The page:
Edvard Munch (12 December 1863 – 23 January 1944) was a Norwegian painter and print-maker. He was born in Adalsbruk. He was an expressionist who painted 1789 known paintings. He is well known for his treatment of emotion such as fear. His way of seeing things had a large influence on the expressionism of the 20th century. People saw this treatment as being intense.
During his life, he had success as a painter: He became famous outside Norway, and his paintings got high prices. The National Gallery (Norway) used much money to buy paintings by Munch. He painted a large murals in the aula (main room) of Norway's (then) only university.
Early life and education[change | change source]
He had four brothers and sisters. He had followed his mother and sister by being the best artists in their family. While Edvard was still young, his mother and one of his sisters died. But it was when he was thirteen that he really came to like art. The first paintings he did were simple objects like medicine bottles and other objects. Later on, he drew oil paintings.
He went to technical college in 1879 where he learnt how to draw paintings with perspective. However, in 1880, the following year he left the school to become a painter.
He went to the Royal School of Art and Design. This is where he learnt sculpturing and naturalistic painting. This is where he drew his first important portrait of himself and his father.
Health and death[change | change source]
Paintings[change | change source]
The Scream (1893; originally called Despair). This is Munch's best-known painting, and is one of the best known images in the world. It is one of the pieces in a series titled The Frieze of Life. In the series Munch explored the themes of life, love, fear, death and melancholy. As with many of his works, he made several versions of the painting. One version was stolen from the Munch-museum in Oslo, Norway, on 22 August 2004, but on 31 August 2006 Norwegian police found it together with another picture that was stolen at the same time, Madonna.
The Frieze of Life themes come back throughout Munch's work. These themes can be seen in paintings such as The Sick Child (1886, portrait of his deceased sister Sophie), (1893–1894), Ashes (1894), and The Bridge. The last-named shows limp figures. Those figures have faces with no features, or they have no faces at all. Threatening shapes of heavy trees and houses are above the figures. Munch portrayed women either as frail, innocent sufferers or as lurid, life-devouring vampires. Munch analysts say this reflects his sexual anxieties.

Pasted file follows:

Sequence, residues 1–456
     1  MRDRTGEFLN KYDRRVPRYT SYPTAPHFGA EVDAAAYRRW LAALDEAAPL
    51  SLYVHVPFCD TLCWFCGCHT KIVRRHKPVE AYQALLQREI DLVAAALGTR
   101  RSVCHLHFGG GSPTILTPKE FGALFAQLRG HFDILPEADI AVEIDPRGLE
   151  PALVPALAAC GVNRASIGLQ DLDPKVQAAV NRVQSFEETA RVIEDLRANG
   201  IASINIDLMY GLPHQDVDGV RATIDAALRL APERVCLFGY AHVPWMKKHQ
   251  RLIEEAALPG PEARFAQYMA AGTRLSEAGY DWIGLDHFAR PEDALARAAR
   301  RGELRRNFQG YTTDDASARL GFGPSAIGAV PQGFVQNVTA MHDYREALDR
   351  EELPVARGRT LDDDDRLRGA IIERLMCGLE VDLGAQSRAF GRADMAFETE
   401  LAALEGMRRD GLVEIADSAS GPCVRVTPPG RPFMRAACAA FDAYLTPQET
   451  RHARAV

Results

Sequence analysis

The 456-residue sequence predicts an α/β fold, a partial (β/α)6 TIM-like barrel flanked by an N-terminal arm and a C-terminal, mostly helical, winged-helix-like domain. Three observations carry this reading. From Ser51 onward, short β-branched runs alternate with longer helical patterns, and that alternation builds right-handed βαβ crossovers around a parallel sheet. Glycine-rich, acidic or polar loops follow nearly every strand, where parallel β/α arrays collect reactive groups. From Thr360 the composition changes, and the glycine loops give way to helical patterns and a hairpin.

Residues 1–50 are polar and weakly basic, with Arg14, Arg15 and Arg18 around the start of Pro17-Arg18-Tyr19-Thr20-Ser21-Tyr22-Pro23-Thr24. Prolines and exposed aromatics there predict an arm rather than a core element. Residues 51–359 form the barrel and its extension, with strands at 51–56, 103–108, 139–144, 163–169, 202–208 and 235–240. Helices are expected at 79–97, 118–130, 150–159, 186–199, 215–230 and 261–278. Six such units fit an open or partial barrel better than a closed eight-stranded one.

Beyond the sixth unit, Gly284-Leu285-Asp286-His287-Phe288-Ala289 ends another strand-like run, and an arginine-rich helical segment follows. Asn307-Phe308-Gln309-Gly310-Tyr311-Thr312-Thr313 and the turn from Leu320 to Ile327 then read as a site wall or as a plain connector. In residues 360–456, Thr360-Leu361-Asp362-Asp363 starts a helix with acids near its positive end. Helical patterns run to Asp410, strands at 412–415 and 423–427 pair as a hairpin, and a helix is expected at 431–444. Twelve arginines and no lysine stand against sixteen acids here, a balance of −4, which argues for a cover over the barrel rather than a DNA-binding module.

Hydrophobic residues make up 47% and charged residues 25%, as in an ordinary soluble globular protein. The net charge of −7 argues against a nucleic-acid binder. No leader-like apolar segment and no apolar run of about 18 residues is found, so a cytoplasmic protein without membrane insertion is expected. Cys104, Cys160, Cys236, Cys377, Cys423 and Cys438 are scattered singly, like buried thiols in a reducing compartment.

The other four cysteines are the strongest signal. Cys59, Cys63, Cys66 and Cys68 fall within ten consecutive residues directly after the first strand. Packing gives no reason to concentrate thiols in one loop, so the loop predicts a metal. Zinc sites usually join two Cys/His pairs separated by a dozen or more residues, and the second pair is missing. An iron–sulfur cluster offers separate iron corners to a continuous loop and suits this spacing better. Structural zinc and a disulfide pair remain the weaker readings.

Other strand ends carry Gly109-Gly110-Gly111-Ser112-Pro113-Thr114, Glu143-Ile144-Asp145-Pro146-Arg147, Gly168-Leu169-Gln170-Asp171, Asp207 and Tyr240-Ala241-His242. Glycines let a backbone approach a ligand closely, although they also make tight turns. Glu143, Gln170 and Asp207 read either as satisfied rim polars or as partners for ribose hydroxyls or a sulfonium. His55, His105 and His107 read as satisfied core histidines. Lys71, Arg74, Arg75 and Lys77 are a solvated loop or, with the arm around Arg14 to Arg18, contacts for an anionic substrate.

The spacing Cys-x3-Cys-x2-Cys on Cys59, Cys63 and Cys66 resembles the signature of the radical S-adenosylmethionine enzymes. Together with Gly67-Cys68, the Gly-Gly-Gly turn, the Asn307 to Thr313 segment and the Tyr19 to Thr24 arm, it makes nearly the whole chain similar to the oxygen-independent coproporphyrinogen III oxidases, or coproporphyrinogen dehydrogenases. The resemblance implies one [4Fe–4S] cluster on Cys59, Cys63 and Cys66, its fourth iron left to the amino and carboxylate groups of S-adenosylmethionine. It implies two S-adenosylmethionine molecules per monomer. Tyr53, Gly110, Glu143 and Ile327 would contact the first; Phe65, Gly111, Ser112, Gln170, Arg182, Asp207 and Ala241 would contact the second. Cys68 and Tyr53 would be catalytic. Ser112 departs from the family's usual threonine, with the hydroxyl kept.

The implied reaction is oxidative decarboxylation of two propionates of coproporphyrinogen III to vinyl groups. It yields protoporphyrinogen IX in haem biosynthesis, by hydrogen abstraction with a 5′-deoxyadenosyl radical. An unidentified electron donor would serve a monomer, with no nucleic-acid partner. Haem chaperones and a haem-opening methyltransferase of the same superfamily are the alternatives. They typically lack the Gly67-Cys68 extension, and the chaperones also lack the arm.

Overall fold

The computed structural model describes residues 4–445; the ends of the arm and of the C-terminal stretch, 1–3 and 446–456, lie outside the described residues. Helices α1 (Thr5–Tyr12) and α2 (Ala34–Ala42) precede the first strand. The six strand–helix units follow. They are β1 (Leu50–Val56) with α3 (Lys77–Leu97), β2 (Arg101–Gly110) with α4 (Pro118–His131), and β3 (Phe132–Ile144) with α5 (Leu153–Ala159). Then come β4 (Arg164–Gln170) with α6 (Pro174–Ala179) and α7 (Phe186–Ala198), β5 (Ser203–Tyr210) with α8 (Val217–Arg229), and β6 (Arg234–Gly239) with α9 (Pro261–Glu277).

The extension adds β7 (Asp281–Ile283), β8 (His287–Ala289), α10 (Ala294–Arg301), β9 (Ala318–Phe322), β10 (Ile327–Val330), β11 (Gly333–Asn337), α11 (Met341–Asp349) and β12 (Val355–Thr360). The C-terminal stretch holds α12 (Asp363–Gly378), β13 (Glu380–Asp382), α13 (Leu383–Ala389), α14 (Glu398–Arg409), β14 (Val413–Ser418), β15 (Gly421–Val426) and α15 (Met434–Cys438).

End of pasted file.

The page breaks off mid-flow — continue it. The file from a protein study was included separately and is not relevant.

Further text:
- 1885-86: The Sick Child
- 1892: Evening on Karl Johan
- 1893: The Scream
- 1894: Ashes
- 1894–1895: Madonna
- 1895: Puberty
- 1895: Self-Portrait with Burning Cigarette
- 1895: Death in the Sickroom
- 1899–1900: The Dance of Life
- 1899–1900: The Dead Mother
- 1903: Village in Moonlight
- 1940–1942: Self Portrait: Between Clock and Bed
The Dance of Life. 1899–1900. Oil on canvas, 49½ × 75 in. Nasjonalgalleriet, Oslo
Ashes. 1894. Oil on canvas. 120.5 × 141 cm. Nasjonalgalleriet, Oslo
Other paintings[change | change source]
The Seine at Saint-Cloud. 1890. 46 × 38 cm. Munch Museum, Oslo
At the Roulette Table in Monte Carlo. 1892. 74,5 × 116 cm. Munch Museum, Oslo
Death in the Sickroom. 1893. 134 × 160 cm. Munch Museum, Oslo
Starry Night. 1893. 135.6 × 140 cm. J. Paul Getty Museum.
Anxiety. 1894. 94 × 74 cm. Munch Museum, Oslo
Death in the Sickroom. c. 1895. Oil on canvas. 59 × 66 in. Nasjonalgalleriet, Oslo
Evening. Melancholy I. 1896. 41.1 × 55.7 cm. Munch Museum, Oslo
Separation. 1896. 96 × 127 cm. Munch Museum, Oslo
The Voice / Summer Night. 1896. 90 × 119 cm. Munch Museum, Oslo
The Kiss. 1897. 99 × 81 cm. Munch Museum, Oslo
Inheritance. 1897–99. 141 × 120 cm. Munch Museum, Oslo
Metabolism. 1898–99. 172 × 142 cm. Munch Museum, Oslo
Red and White. 1899–1900. 93 × 129 cm. Munch Museum, Oslo
Nudes[change | change source]
Self-portraits[change | change source]
Self-Portrait. 1882. 26 × 19 cm. Munch Museum, Oslo
Self-Portrait. 1895. 458 × 314 mm. Munch Museum, Oslo
Self-Portrait in Hell. 1903. 82 × 66 cm. Munch Museum, Oslo
Self-Portrait with Brushes. 1904. 197 × 91 cm. Munch Museum, Oslo
Self-Portrait with a Bottle of Wine. 1906. 110 × 120 cm. Munch Museum, Oslo
Photographs[change | change source]
Self-Portrait at 53 Am Strom in Warnemünde. 1907. 89 × 89 mm. Munch Museum, Oslo
Edvard Munch at the Beach in Warnemünde. 1907. 83 × 87 mm. Munch Museum, Oslo
Self-Portrait “à la Marat”. 1908–09. 81 × 85 mm. Munch Museum, Oslo
Self-Portrait Somewhere on the Continent I. 1906. 90 × 90 mm. Munch Museum, Oslo
Self-Portrait Somewhere on the Continent II. 1906. 82 × 87 mm. Munch Museum, Oslo
Rosa Meissner at the Hotel Rohn in Warnemünde. 1907. Photograph. 87 × 73 mm. Munch Museum, Oslo
References[change | change source]
- Gro Finne. "Det overvurderte 'geniet' ". 19 August 2017. Klassekampen. page 49. "Selvfølgelig var det strid om hans banebrytende verk, men han oppnådde internasjonal berømmelse og nasjonal anerkjennelse i sin samtid ved store innkjøp til Najsonalgalleriet, høye priser og utsmykningen av Universitetets aula."
Other websites[change | change source]
|Wikimedia Commons has media related to Edvard Munch.|
- Biography from the Norwegian Ministry of Foreign Affairs
- The Munch Museum
- Gallery Munch - Løten
- Munch at artcyclopedia
- Catalogue raisonné of Edvard Munch's paintings.
- Edvard Munch Archived 2010-02-11 at the Wayback Machine
- Interpol's page Archived 2006-03-26 at the Wayback Machine about the stolen works of art
Munch and bipolar disorder: